The 10 p.m. time slot from Monday to Friday is branded as the 10 Spot. It features the newest MTV reality and lifestyle series. A full array of promos, on air and online graphics are used to promote the 10 Spot. New, as well as returning series premiere monthly. This branded block normally attracts the highest ratings for the network. The 10 Spot schedule often resembles that of MTV US, though the programs are often several weeks behind their initial airings in the US.
During afternoon and prime time commercial breaks, MTV hosts direct discussions about the shows that are currently airing. Viewers are encouraged to interact with MTV and its hosts through email, firstname.lastname@example.org, and telephone calls, 866-536-LIVE. These short interstitials are used as a way of fulfilling the requirement of talk programming.
MTV on CTV
In addition to MTV Canada's airings, CTV airs a branded late-night block of MTV programming six nights a week known as "MTV on CTV". These programs include several of the music-oriented and comedy programs that MTV Canada itself cannot air. Many of the reality/lifestyle shows that do air on MTV are also featured.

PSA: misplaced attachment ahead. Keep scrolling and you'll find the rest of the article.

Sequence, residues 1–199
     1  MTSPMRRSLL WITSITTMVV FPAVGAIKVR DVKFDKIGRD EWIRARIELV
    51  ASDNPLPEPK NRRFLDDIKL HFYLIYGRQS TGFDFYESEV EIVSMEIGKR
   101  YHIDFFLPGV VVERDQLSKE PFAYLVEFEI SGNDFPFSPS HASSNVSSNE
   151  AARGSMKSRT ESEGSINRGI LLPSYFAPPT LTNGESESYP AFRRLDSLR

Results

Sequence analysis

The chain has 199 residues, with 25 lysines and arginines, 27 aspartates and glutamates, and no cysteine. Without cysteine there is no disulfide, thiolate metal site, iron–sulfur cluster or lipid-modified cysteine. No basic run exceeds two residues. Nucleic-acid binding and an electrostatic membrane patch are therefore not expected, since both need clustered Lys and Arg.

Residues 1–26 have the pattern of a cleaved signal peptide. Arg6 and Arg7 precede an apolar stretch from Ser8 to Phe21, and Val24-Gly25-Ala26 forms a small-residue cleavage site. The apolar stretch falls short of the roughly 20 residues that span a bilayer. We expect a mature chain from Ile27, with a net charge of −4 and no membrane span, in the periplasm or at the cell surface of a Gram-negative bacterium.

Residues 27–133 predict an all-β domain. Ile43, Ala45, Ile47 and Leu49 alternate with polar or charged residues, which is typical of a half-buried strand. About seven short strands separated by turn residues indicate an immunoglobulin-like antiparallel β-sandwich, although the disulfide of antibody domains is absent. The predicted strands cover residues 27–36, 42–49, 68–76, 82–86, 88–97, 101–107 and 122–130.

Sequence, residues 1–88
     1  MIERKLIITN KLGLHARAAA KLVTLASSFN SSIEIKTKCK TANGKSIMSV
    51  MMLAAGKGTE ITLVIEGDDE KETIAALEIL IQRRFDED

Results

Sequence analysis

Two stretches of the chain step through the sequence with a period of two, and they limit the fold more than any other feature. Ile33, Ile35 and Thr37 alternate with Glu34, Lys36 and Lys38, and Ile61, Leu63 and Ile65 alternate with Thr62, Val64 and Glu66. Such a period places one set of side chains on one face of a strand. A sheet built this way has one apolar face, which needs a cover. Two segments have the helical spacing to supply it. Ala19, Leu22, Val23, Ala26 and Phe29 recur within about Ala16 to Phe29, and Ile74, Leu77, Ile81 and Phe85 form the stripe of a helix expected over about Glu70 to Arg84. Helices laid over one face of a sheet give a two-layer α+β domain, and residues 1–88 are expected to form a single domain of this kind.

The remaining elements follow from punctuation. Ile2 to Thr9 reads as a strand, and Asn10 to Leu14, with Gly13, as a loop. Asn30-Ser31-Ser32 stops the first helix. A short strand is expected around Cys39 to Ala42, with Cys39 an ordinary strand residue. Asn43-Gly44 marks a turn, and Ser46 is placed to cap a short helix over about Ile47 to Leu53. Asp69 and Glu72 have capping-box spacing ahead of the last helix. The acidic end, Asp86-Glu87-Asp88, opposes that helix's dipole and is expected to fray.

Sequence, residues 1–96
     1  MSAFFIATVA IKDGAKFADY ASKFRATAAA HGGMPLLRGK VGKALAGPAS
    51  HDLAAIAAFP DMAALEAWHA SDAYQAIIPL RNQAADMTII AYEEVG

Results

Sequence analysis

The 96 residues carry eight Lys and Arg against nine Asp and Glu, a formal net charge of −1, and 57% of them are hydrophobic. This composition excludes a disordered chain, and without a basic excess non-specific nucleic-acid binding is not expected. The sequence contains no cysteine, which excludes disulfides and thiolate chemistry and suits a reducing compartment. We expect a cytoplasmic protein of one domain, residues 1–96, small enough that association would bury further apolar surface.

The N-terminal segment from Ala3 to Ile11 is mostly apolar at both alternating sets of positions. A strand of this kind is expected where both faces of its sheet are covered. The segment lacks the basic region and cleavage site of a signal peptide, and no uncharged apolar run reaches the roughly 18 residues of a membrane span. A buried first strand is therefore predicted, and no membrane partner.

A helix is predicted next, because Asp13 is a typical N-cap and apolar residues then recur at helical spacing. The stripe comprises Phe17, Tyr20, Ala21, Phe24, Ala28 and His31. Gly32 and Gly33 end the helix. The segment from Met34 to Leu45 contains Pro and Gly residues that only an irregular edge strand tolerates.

This block presently consists of two hours on Saturdays (12:05 - 2:05 a.m. local); actual times may vary by location or station. The block also formerly aired 30 minutes a night on weeknights (1:05 - 1:35 a.m. local) from MTV Canada's re-launch until September 7, 2007, which has since been replaced by TMZ on TV.
- the drought ends 03.21.06 (pre-launch)
- There's something in the water
- Tonight in the 10 Spot
- Watch and Learn
At the time of launch in March 2006, it was branded as MTV Overdrive. In early 2007, the MTV Overdrive brand was dropped. In 2006, MTV US had dropped the Overdrive name and chose to call its service MTV.com. In June 2007, the site was redesigned, and was once again facelifted in March 2009 to re-focus the website on its video content.
- Decision CRTC 96-612, September 4, 1996
- http://www.theglobeandmail.com/servlet/story/LAC.20060221.MTV21/TPStory/TPEntertainment/. Missing or empty
- "2006 MTV VMA's to air on CTV". CTV. Retrieved 2008-12-13.
- Pegley, Kip (2009), Coming to you wherever you are: MuchMusic, MTV, and youth identities, Wesleyan Univ. Press, ISBN 0819568694